And Caledonian, yes, I suppose in a narrow sense how we feel about things do not matter to the universe, or science–to assume so would be to anthropomorphize inanimate things–but it matters to other things that have feelings, namely other living things, particularly humans.
    It’s vitally important to living a rewarding life and enjoying it, you cold fish.

  15. Pierce R. Butler says

    PZ Myers:I don’t see them ever trying to chastise that elephant.

    Given pre-election statements by Pelosi et al, it doesn’t look like they intend to chastise any elephants at all. Whether she can block Waxman, Conyers, et al remains to be seen. (There’s also what passes for a positive possibility these days: she could have been lying like a mofo.)

    Bilbo: And Israel may have been the first nation to have a six-day work week.

    Apparently they learned that rhythm from the exile of the Jewish elites in Babylon, but put their own spin on it. In the Babylonian mythos, the seventh day was unlucky, so it was wise not to work then. (Tangentially: the “Night with the King” movie is based on the story of Esther ‘n’ Mordechai – which in turn is based on the Babylonian gods Ishtar ‘n’ Marduk. A proto-Noah legend is among the other ideological souvenirs of that enforced Babylonization.)

  16. Fernando Magyar says

    I found this little gem of a quote at:


    “It’s a good thing when sinners continue to oppose sin, even if they are still struggling with sin in their own lives…Sometimes, hypocrisy is what allows sinful people to be decent while they try to do what’s right.”

    You can read the whole column here: “Hypocrites are us” (Terry Mattingly)

    Any thoughts? Yeah! Ha haha hahahaha haaaahaaahaaaa!

  17. suirauqa says

    I have been watching the CNN election analysis like a hawk, and I don’t see any sign of a possible future pachydermal chastisement either. One Democratic candidate projected to the a winner by a huge margin is referred to as ‘an extremely religious man, who does not go to debates on Sundays, because he attends the church with his family.’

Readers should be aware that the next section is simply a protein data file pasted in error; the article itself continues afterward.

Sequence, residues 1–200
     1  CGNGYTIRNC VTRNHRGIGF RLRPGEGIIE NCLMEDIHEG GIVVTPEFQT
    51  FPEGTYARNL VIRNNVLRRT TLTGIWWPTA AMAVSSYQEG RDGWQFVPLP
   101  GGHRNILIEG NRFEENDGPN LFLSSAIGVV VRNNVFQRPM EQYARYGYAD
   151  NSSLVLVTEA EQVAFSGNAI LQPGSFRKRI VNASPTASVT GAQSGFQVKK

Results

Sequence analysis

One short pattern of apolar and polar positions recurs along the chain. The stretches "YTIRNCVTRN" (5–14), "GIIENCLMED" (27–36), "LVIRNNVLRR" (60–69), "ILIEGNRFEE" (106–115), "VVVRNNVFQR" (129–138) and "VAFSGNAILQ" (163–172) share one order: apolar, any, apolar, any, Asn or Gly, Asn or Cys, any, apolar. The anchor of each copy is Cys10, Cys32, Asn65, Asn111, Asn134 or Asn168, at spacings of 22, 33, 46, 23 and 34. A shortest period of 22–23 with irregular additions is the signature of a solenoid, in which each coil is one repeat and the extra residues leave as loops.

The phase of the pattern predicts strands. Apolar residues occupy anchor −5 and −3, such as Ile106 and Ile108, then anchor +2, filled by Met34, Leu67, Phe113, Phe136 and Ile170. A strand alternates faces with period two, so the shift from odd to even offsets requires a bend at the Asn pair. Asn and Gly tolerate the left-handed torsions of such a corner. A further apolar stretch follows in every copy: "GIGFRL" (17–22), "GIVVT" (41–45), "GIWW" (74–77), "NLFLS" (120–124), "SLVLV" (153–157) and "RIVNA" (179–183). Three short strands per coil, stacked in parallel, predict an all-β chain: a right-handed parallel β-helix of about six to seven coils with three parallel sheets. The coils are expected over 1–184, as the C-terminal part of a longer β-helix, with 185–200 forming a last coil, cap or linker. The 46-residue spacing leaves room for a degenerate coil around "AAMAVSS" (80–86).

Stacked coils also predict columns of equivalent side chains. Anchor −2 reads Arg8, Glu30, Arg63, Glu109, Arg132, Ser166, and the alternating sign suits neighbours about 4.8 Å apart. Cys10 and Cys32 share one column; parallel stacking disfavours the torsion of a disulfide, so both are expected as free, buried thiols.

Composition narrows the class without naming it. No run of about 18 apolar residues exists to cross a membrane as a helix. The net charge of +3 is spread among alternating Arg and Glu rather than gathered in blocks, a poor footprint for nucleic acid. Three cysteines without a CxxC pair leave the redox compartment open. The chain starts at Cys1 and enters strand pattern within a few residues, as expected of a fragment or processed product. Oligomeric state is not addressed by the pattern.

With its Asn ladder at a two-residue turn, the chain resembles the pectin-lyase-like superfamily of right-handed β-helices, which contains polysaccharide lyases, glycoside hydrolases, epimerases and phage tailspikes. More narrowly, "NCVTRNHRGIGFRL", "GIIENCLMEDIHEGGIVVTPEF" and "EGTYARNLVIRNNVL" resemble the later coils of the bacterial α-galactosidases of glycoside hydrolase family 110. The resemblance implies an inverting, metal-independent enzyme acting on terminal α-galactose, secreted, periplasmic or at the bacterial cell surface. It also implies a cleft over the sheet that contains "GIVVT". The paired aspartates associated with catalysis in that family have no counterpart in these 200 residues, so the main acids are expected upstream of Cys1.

George Allen (R-Virginia) is winning, and an exit poll by CNN suggests that it is the men who voted most for him – despite his image as a misogynist – because his father was the coach for the Virginia football team! What an incredibly complex and emotional reason to elect someone to decide one’s life and death for the next two years.

    Truly, America gets what it deserves. Such as the village idiot who was crowned king and sent thousands of young countrymen to their deaths in a meaningless war.

  18. Bilbo says

    Hi JJR,

    Yes there are problems in Biblical passages. But what is interesting is that in the ancient literature of the Bible we find that caring for the poor is a central principle, preached from beginning to end, from Moses, through the prophets, through Jesus, and to his disciples.

    As to problem passages, such as stoning your children, we don’t find that the Biblical writers considered them to be important commandments.

    So it’s not just a case of cherry-picking.

    But I don’t have a problem with your being an atheist. And if you want to vote against the GOP, that’s okay with me, too.